Gerard A. Jacobs received the International Humanitarian Award. Award winners are invited to deliver an award ad-dress at the APA’s annual convention. A version of thisaward address was delivered at the 115th annual meeting,held August 17–20, 2007, in San Francisco, California. Articles based on award addresses are reviewed, but theydiffer from unsolicited articles in that they are expressionsof the winners’ reflections on their work and their views of the field.
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American Psychologist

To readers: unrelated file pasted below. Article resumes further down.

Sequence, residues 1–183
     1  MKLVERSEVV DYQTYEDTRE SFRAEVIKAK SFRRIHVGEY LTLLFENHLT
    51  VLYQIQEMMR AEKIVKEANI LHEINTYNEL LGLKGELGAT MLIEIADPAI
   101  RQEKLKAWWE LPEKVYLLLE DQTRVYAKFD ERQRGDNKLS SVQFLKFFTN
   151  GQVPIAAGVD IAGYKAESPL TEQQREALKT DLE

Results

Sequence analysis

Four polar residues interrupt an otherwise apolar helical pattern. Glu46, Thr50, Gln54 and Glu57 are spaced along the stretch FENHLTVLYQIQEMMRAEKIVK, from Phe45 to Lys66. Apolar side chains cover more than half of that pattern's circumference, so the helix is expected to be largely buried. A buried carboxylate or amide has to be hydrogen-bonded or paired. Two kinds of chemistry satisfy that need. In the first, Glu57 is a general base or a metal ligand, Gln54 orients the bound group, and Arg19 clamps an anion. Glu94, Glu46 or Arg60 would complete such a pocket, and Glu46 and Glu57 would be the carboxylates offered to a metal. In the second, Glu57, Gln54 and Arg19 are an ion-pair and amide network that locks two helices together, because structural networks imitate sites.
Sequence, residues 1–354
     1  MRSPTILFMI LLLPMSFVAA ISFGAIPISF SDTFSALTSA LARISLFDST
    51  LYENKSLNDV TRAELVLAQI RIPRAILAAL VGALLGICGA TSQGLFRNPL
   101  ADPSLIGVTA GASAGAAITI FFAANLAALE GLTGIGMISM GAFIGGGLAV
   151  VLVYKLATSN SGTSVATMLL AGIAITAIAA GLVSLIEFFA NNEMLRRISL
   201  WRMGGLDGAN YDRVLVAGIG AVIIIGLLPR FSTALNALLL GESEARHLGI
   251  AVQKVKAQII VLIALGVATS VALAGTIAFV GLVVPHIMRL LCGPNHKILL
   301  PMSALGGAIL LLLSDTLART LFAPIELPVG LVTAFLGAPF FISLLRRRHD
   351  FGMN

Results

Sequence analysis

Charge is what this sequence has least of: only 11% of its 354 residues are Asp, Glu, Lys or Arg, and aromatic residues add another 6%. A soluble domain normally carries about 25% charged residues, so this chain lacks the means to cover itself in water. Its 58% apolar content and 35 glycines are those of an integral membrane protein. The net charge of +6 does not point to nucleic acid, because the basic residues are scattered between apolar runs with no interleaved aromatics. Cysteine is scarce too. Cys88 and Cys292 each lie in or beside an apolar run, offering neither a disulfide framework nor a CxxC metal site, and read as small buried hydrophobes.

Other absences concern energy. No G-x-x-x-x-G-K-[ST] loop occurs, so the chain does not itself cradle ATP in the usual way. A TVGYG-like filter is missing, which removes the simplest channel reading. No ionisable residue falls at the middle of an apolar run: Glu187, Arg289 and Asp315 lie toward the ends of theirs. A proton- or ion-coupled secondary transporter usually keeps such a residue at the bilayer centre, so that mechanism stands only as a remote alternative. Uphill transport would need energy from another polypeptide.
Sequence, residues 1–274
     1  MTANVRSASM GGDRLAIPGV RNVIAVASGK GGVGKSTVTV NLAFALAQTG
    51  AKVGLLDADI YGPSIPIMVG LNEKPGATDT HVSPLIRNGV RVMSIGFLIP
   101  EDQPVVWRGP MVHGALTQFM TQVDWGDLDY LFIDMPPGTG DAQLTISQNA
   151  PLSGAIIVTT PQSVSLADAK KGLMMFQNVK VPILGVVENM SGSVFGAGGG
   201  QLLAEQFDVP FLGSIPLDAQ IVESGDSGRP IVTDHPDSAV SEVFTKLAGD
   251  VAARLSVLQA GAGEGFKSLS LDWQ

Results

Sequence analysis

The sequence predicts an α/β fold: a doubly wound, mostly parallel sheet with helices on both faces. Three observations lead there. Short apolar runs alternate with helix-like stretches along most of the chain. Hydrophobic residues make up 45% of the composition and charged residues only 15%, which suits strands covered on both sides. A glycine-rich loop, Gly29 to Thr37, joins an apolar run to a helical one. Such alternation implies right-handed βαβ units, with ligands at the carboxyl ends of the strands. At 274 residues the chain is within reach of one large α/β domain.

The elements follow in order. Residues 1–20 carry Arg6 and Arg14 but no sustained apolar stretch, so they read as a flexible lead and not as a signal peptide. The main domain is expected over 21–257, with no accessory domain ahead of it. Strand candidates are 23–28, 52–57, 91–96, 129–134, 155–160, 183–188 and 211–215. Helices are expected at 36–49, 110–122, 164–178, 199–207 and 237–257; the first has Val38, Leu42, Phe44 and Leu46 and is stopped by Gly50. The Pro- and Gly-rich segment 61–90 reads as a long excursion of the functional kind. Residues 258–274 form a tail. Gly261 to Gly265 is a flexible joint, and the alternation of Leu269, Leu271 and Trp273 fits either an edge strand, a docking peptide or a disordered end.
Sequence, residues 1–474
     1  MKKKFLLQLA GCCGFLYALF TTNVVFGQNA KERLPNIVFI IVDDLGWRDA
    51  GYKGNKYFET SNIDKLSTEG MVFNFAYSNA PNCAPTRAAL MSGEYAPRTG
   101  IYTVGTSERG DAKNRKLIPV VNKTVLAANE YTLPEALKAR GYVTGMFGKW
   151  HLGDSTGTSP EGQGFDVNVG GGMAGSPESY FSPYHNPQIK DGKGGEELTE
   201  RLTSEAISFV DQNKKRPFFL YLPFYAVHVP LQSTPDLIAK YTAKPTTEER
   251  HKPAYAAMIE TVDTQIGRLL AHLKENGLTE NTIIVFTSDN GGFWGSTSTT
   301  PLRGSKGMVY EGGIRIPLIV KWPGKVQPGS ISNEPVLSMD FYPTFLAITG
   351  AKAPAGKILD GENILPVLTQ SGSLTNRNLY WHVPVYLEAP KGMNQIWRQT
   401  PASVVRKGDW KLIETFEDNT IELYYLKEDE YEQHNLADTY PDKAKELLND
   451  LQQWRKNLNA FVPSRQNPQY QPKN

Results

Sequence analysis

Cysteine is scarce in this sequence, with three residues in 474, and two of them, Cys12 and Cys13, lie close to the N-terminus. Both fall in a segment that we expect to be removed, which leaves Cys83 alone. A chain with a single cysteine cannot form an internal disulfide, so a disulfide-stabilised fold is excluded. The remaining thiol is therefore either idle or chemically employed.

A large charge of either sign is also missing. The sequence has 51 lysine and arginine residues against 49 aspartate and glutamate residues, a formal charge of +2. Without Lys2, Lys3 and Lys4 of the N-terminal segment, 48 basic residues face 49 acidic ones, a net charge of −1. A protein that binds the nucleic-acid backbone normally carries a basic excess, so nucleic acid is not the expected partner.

two psychologists who represented both APA and theAmerican Red Cross on the committee that developed theDisaster Mental Health Services model, providing com-mentary from South Dakota on each generation of propos-als. I served for eight years as a national consultant forDisaster Mental Health Services in the American RedCross and as one of the initial members of the APA Advi-sory Board for the Disaster Response Network, APA’s na-tional network of disaster response volunteers. Within myfirst few years in those various roles, I met a number of Red Cross paid or volunteer staff who had served as inter-national humanitarian delegates with the American RedCross, the International Federation of Red Cross and RedCrescent Societies (IFRC; the part of the Red Cross move-ment that deals with nonconflict situations), or the Interna-tional Committee of the Red Cross (the part of the RedCross movement that deals with conflict and acts of war).The delegates told harrowing tales of their experiencesserving refugees and internally displaced persons in conflictand nonconflict situations. I was surprised to learn thatthese delegates had not been offered any assistance in cop-ing with the experiences they had directly experienced,with the scenes they had witnessed, with re-entering theircomparatively plush Western lives after working formonths or even years in portions of the world experiencingintense hardship, or with rejoining a family constellationthat had continued to grow and develop despite the dele-gate’s absence.In 1994, I began to advocate for better care for interna-tional humanitarian workers within the IFRC. In 1991, theIFRC had begun to explore the idea of developing a world-wide Psychological Support Program. I wanted to ensurethat the IFRC was considering the needs of the interna-tional humanitarian delegates, not simply the needs of those directly affected. I had an emerging vision even thenof developing psychological support programs that couldimprove the resilience and coping capacity of peoplethroughout the world, in different continents, cultures, andcircumstances. However, I felt that the first step was totake care of the humanitarian relief workers who were vol-untarily putting themselves on the front lines to try toserve those in need. I did not see myself participating inthe development of those models, but rather saw myself encouraging the experts in the field to move in that direc-tion.I don’t think I could have imagined then the way mycareer would develop. To my dismay, I learned that therewere relatively few experts in the field at that time. Manyof these early pioneers had made their marks in relatedfields and routinely put themselves at significant risk forthe sake of serving those in need. They were and continueto be an inspiration to me.